Disks  ada0  ada1  ada2  ada3 pass0 pass1 pass2  20279528 wire        igb0:link
KB/t   0.00  0.00  0.00  0.00  0.00  0.00  0.00    179464 act         ahci0 274
tps       0     0     0     0     0     0     0   1323416 inact    48 cpu1:timer
MB/s   0.00  0.00  0.00  0.00  0.00  0.00  0.00    532604 cache     1 cpu9:timer
%busy     0     0     0     0     0     0     0   2045816 free      2 cpu23:time
                                                   1694240 buf       1 cpu11:time
                                                                     1 cpu22:time

systat is hard-coded for 80 columns (it can handle more than 25 rows but
only uses then to display more interrupts).  igb0 is already 1 too long.
"igb0: que N" is 8 too long.  This destroys all the space meant for
showing the interrupt number.  "que N" is almost as good.

The multitude of igb queues (handling a whole 1 interrupt/second each)
also defeats sysstat's vertical formatting.  Fortunately there are almost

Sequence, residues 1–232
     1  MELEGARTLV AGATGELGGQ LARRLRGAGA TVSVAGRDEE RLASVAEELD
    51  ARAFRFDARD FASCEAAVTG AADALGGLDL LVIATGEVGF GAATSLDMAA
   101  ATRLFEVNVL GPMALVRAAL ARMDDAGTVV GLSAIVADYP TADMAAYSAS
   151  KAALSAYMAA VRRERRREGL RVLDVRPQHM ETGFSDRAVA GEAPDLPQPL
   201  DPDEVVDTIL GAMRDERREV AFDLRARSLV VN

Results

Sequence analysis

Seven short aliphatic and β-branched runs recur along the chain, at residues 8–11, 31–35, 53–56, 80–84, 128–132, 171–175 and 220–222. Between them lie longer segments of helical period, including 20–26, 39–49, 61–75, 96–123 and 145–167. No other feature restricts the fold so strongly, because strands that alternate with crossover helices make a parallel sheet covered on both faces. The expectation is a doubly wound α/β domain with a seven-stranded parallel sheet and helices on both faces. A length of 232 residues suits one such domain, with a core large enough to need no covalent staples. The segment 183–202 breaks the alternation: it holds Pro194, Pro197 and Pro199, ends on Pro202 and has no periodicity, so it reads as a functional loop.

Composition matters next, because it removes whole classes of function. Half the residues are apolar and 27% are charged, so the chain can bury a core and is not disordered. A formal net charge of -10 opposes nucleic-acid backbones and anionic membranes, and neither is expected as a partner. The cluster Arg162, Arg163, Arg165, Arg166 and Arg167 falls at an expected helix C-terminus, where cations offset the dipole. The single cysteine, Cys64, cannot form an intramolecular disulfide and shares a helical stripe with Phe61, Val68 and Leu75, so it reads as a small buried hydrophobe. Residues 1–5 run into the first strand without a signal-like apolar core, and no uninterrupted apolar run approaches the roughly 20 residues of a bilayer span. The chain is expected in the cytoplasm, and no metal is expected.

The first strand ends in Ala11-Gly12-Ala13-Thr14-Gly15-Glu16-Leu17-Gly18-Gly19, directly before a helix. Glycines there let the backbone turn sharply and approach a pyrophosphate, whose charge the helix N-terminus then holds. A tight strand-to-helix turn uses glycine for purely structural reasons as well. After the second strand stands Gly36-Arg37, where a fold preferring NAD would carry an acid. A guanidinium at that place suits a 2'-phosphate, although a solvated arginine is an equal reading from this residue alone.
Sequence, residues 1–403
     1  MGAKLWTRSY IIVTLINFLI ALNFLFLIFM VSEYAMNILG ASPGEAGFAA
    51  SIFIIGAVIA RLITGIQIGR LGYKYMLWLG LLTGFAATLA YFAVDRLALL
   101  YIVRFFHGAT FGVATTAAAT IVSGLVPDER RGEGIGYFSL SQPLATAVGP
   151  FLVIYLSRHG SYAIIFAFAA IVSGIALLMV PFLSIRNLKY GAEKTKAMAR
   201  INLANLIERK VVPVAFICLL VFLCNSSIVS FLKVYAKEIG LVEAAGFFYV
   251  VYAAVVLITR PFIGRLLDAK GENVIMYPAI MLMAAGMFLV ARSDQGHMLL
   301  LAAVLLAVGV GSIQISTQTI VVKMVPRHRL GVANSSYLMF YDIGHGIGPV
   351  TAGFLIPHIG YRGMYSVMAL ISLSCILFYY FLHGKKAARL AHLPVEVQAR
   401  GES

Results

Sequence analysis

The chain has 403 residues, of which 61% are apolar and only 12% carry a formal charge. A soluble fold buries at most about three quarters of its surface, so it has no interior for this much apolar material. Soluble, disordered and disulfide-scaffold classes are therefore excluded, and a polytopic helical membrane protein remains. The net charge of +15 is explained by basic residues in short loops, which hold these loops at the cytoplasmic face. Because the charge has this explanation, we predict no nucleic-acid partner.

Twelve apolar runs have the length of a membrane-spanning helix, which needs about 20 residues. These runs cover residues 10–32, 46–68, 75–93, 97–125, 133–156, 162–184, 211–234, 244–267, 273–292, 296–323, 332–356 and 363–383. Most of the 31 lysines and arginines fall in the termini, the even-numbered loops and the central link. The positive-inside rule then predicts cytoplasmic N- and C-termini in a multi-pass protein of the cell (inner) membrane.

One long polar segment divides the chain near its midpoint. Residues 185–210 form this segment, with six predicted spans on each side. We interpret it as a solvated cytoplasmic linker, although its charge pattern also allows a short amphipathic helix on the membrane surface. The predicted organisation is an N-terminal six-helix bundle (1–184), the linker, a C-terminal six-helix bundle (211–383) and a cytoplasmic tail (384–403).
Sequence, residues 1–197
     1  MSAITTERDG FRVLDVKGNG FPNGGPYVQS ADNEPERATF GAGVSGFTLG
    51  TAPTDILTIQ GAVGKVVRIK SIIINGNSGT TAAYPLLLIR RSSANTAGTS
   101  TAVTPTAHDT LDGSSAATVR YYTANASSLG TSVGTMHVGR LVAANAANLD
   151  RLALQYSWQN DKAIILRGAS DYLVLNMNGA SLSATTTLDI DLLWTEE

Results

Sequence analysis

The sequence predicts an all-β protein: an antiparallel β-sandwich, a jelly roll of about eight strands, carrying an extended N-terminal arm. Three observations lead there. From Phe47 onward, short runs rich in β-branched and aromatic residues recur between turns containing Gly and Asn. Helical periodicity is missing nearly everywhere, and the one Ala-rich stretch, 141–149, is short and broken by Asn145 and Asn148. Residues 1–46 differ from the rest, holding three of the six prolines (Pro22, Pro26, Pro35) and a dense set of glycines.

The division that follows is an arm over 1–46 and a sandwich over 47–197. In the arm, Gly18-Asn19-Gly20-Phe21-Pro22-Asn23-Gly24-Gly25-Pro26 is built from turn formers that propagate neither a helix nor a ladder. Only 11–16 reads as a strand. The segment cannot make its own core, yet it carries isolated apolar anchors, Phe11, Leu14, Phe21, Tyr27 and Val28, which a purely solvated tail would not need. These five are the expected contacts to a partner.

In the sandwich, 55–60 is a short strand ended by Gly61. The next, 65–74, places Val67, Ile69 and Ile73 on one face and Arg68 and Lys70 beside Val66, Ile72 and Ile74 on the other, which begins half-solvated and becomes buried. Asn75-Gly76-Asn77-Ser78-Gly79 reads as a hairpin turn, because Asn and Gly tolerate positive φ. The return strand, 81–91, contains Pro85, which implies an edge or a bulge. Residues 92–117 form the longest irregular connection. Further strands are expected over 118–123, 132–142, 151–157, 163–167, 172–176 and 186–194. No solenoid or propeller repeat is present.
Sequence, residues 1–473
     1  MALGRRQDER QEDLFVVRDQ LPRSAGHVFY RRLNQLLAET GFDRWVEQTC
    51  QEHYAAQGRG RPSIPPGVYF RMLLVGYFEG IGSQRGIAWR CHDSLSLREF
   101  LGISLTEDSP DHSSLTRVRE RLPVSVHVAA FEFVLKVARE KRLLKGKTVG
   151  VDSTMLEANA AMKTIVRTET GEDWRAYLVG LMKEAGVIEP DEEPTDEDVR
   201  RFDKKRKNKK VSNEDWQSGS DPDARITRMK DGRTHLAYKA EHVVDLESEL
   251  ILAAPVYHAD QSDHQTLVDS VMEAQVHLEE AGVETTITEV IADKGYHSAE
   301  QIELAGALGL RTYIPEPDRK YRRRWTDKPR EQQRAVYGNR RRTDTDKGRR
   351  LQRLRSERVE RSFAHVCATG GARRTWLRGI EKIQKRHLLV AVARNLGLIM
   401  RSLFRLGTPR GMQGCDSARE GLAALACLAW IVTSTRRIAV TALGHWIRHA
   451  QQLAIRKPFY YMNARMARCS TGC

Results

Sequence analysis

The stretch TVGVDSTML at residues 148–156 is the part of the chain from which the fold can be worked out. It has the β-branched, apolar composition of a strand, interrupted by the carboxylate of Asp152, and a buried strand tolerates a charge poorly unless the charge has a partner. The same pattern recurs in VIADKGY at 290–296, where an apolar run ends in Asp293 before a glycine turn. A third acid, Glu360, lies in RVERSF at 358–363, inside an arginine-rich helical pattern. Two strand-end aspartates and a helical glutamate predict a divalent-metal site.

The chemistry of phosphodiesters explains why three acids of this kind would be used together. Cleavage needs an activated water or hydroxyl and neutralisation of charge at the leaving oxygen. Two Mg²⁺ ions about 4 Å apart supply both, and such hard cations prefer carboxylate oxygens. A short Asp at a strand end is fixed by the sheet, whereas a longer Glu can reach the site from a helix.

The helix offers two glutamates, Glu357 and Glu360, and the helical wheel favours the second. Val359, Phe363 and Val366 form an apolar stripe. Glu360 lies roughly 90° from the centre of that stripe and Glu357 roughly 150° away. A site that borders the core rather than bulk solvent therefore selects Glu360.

no other peripheral devices that ever interrupted on freefall, (just uart
and ahci0), so their interrupts aren't pushed off the display.  uart and
ahci have even more verbose names than igb.  Only most of the cpuN:timer
interrupts are pushed off.  cpuN:timer is an even more verbose name than
uart and ahci.

top is considerably more broken with 80x25 but is not completely hard-coded
for 80 columns.  -SH output is now almost useless on freefall:

last pid: 23715;  load averages:  0.02,  0.05,  0.01   up 15+06:28:30  12:05:06
436 processes: 25 running, 356 sleeping, 55 waiting
CPU:  0.1% user,  0.0% nice,  0.1% system,  0.0% interrupt, 99.9% idle
Mem: 176M Active, 1293M Inact, 19G Wired, 520M Cache, 1655M Buf, 1996M Free
ARC: 15G Total, 7008M MFU, 4317M MRU, 18K Anon, 536M Header, 3240M Other
Swap: 8192M Total, 10M Used, 8182M Free

    11 root          155 ki31     0K   384K CPU2    2 363.7H 100.00% idle{idle:
    11 root          155 ki31     0K   384K CPU3    3 363.7H 100.00% idle{idle:

Whenever there are more CPUs than rows, top -SH can't even display all
the idle threads.  Without -H, it doesn't display any interrupts, and
without -S it doesn't display any detail about interrupts.  47 rows
is just enough for all the CPUs and a couple of igb interrupts.

Non-curses top output (top -SH <number> >file) displays any number of rows
in a not so useful way of course.  Now I use it to show other problems:
- It truncates the bad verbose description "idle{idle:" as above
- there is a formatting error for "100.00%" that uses 1 more column than